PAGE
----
Robert W Cox Bibliography Generator

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Scholl, Christian and Freyberg-Inan, Annette 2018. Imagining another Europe: Building a pan-European counter-hegemonic bloc around an anti-austerity master frame. Comparative European Politics, Vol. 16, Issue. 1, p. 103.


Ogunnubi, Olusola and Amusan, Lere 2018. The Political Economy of Xenophobia in Africa. p. 53.


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Meissner, Richard 2017. Paradigms and Theories Influencing Policies in the South African and International Water Sectors. p. 1.


Black, David R. 2017. The challenges of articulating ‘top down’ and ‘bottom up’ development through sport. Third World Thematics: A TWQ Journal, Vol. 2, Issue. 1, p. 7.


Meissner, Richard 2017. Paradigms and Theories Influencing Policies in the South African and International Water Sectors. p. 25.


Chatzigianni, Efthalia 2017. Global sport governance: globalizing the globalized. Sport in Society, p. 1.


Meissner, Richard 2017. Paradigms and Theories Influencing Policies in the South African and International Water Sectors. p. 131.


Alejandro, Audrey Jørgensen, Knud Erik Reichwein, Alexander Rösch, Felix and Turton, Helen 2017. Reappraising European IR Theoretical Traditions. p. 107.


Herschinger, Eva 2017. Ordnungen des Politischen. p. 127.


Ogunnubi, Olusola 2017. Effective Hegemonic Influence in Africa: An Analysis of Nigeria’s ‘Hegemonic’ Position. Journal of Asian and African Studies, Vol. 52, Issue. 7, p. 932.


Beardsworth, Richard 2017. Towards a critical concept of the statesperson. Journal of International Political Theory, Vol. 13, Issue. 1, p. 100.


Magri, Paolo 2017. Global Encyclopedia of Public Administration, Public Policy, and Governance. p. 1.


Bassett, Carolyn 2017. Africa’s next debt crisis: regulatory dilemmas and radical insights. Review of African Political Economy, Vol. 44, Issue. 154, p. 523.


Pieper, Moritz 2017. The transatlantic dialogue on Iran: the European subaltern and hegemonic constraints in the implementation of the 2015 nuclear agreement with Iran. European Security, Vol. 26, Issue. 1, p. 99.


Fels, Enrico 2017. Shifting Power in Asia-Pacific?. p. 85.


Vadrot, Alice B.M. 2017. Knowledge, International Relations and the structure–agency debate: towards the concept of “epistemic selectivities”. Innovation: The European Journal of Social Science Research, Vol. 30, Issue. 1, p. 61.


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For other people with the same name, see Robert Cox.

Robert CoxCM (born 1926) is a Canadian scholar of political science and a former United Nations officer. He is cited as one of the intellectual leaders, along with Susan Strange, of the British School of International Political Economy[1] and is still active as a scholar after his formal retirement, writing and giving occasional lectures. He is professor emeritus of political science and social and political thought at York University.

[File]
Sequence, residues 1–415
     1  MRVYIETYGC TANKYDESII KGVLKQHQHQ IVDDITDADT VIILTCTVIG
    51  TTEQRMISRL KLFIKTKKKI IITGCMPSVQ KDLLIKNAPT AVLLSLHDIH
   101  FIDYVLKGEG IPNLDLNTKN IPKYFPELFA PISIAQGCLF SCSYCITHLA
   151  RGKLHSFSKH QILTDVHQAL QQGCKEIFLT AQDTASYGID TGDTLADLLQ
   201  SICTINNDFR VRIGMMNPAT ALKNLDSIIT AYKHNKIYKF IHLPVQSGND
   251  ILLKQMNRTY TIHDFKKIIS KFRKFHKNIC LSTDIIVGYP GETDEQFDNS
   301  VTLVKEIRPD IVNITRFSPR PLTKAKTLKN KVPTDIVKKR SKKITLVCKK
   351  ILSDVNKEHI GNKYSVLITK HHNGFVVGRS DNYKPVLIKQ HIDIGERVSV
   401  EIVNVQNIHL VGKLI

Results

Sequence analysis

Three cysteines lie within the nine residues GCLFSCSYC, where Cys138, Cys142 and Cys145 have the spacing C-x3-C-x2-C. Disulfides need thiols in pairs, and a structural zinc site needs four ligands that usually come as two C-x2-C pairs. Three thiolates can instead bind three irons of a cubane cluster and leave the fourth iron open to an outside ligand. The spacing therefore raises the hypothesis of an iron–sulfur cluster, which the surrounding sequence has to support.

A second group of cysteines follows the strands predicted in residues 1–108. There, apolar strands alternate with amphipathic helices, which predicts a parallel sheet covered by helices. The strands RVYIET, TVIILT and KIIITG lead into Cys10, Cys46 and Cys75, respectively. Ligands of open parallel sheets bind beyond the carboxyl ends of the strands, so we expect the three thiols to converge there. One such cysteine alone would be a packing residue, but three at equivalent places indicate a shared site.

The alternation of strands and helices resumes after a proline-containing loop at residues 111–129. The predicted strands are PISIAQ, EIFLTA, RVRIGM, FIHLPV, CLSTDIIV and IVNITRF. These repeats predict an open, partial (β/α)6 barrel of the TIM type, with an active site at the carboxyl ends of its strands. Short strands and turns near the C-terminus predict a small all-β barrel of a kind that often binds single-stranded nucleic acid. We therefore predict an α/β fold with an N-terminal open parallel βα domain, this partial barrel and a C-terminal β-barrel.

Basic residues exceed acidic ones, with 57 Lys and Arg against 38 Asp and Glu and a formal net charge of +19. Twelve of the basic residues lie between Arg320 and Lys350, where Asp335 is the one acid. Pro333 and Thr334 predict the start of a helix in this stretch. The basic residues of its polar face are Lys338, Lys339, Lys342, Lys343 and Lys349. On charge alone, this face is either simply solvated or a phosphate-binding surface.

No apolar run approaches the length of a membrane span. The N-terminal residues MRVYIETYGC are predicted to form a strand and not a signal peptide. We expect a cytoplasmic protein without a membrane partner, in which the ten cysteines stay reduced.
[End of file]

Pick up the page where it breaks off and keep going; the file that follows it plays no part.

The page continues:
He started work at the International Labour Organization (ILO) in Geneva, Switzerland in 1947, eventually serving as director of the ILO's International Institute for Labour Studies (1965–71). Following his departure from the ILO he taught at Columbia University. From 1977 to 1992 he was professor of political science at York University in Toronto, Canada. He was made a member of the Order of Canada in 2014.

Biography[edit]

Born in Montreal, Quebec, Cox graduated in 1946 from McGill University in Montreal, where he received a Master's degree in history. Following his graduation, he worked for the International Labour Organization (ILO), where he would remain for a quarter century, helping to set up and design the International Institute for Labor Studies.

In his academic career, Cox is known for his fierce independence and unwavering challenge of orthodoxy, as well as for his historical approach. While his initial scholarly contributions during his time at Columbia University were quite conventional and focused on international organizations, following from his experience in the ILO, he soon adopted a more radical perspective. During his time at York University, he began to reassert himself in a historical manner, reflective of his previous training at McGill University, which enabled him to take on more ambitious themes. Cox describes his academic interests as no less than understanding "the structures that underlie the world".[2]

Bibliography[edit]

  • The Anatomy of Influence : decision making in international organization (1973), with Harold K. Jacobson
  • Production, Power and World Order (1987)
  • 'Social Forces, States and World Orders: Beyond International Relations Theory' (1981) Millennium 10(2) 126-155

"Gramsci, Hegemony and lnternational. Relations: An Essay in Method" (1983) Millennium: Journal of International Sţudjes Vol., 12, No, 2.

Gramsci, Historical Materialism and International Relations. Cambridge. Cambridge University Press, 1993. (Stephen Gill, co-editor)

  • Universal Foreigner: The Individual and the World (2014). Autobiography.

Edited works[edit]

  • Approaches to World Order (co-editor, 1996)
  • The Political Economy of a Plural World: Critical Reflections on Power, Morals, and Civilization (co-editor, 2002)

Notes[edit]

External links[edit]

  1. ^Cohen, B. (2008) International Political Economy: An Intellectual History, Princeton: Princeton University Press
  2. ^Cox, Robert (1999). "Conversation". New Political Economy. 4 (3): 389–398. 

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